what are helminths?

Helminthic therapy is the purposeful inoculation by ingesting intestinal worms in an effort to treat disease, and it has become increasingly popular in the treatment of autoimmune conditions. Is there evidence that helminthic therapy might work for gluten intolerance and celiac disease? Maybe. But while there has been an increase in the number of studies showing promise in the use of helminthic therapy for the treatment of autoimmune conditions, the evidence is still pretty loose and not entirely clinically appropriate.

Remember How Celiac Disease Works?

signs and symptoms of celiac disease

Celiac disease is an autoimmune condition where gluten consumption triggers the production of antibodies that attack the patient’s microvilli — these are the little, hair-like structures that line the small intestine. As digested food passes through the intestines, microvilli are meant to absorb nutrients, but with damaged or dysfunctional microvilli, celiac sufferers end up suffering from a variety of nutritional insufficiencies and deficiencies. To add insult to injury, the unabsorbed food moves to the large intestine and causes all sorts of gastrointestinal symptoms including gas, pain, bloating and diarrhoea. These symptoms can be mild but are often so severe that they significantly interfere with the person’s quality of life. In some cases, it can be debilitating. Celiac disease can also present with symptoms beyond the gastrointestinal tract — dermatitis herpetiformis (a rash), tingling in the limbs, ulcers in the mouth, and general signs of nutritional insufficiencies (muscle cramps, weight loss, mood issues). Currently, the only treatment for celiac disease is the elimination of gluten from the diet, and boosting nutritional status via the diet and supplementation to “fill up the tank” of nutrient supply, and remedy any deficiencies or insufficiencies. Remedying nutritional deficiencies can also help in the healing of the microvilli, which in turn makes it easier to absorb nutrients from food. Beyond that, not a lot can be done. Modern medicine doesn’t have any answers. The worst part for celiac sufferers is that avoiding gluten is a lot harder than you’d think — even a crumb of gluten can trigger an attack in some people and if you hadn’t noticed, our society is gluten-crazed. Good luck walking down the street and not bumping into a baked good! So anything that promises relief for celiac sufferers is newsworthy.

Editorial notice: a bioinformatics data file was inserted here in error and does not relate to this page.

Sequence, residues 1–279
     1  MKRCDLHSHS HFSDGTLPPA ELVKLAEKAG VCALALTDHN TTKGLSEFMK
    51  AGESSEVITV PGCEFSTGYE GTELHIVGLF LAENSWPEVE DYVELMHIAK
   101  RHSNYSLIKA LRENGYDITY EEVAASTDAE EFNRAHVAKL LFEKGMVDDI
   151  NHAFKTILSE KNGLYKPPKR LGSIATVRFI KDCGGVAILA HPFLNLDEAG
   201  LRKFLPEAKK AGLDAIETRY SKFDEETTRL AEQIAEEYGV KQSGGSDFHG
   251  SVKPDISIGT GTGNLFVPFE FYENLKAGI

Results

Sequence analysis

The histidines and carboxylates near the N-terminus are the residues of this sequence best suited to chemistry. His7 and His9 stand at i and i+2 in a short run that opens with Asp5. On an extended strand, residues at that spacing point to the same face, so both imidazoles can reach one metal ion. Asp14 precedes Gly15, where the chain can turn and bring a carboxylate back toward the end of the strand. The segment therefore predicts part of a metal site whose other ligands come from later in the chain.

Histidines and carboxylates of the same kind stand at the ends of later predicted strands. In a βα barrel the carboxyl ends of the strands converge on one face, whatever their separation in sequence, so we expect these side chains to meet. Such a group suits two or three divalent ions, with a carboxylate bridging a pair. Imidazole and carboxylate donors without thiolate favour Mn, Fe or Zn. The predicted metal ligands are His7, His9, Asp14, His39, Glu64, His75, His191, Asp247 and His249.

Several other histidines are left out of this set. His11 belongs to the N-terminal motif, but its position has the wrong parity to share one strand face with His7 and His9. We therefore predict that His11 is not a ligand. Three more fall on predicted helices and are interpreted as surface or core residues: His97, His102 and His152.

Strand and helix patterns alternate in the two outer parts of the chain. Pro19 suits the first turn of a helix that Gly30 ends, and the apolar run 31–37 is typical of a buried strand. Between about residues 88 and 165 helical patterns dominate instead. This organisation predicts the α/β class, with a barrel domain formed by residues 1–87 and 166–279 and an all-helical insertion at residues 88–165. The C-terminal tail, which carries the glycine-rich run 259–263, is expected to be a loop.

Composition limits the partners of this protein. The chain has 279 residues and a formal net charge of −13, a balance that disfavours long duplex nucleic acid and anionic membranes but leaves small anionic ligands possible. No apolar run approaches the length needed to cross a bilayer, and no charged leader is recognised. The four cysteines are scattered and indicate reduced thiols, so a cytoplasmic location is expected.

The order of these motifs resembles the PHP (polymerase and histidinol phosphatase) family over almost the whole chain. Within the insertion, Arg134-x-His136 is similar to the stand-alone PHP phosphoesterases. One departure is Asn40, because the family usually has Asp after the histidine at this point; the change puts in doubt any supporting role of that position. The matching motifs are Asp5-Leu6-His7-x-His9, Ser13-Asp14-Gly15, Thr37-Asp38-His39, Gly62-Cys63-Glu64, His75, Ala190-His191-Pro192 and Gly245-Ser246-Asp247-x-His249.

But is helminthic therapy legitimate?

A 2014 study conducted in Australia received attention for its assertion that inoculation with Necator americanus (commonly known as the human hookworm) may reduce the gastrointestinal symptoms in people with celiac disease when they eat gluten. While the gross-out factor may stop most people from purposefully infecting themselves with an intestinal parasite, there has been a long-held belief that parasites could aid in the maintenance and even in the restoration of health, particularly in the treatment of autoimmune disease. This type of treatment is called “helminthic therapy”. Helminthic refers to the type of parasites used — in layman’s terms, they are intestinal worms. The patient is inoculated with a small number of these worms in an effort to shift the immune system away from an autoimmune response to a normal, chilled out response. Apparently, it’s safe. So safe that the Medicines and Healthcare Regulatory Authority in the UK have allowed the use of hookworms for a treatment of autoimmune conditions! Keep in mind that they are only claiming it’s relatively safe — they’re not saying it’s effective.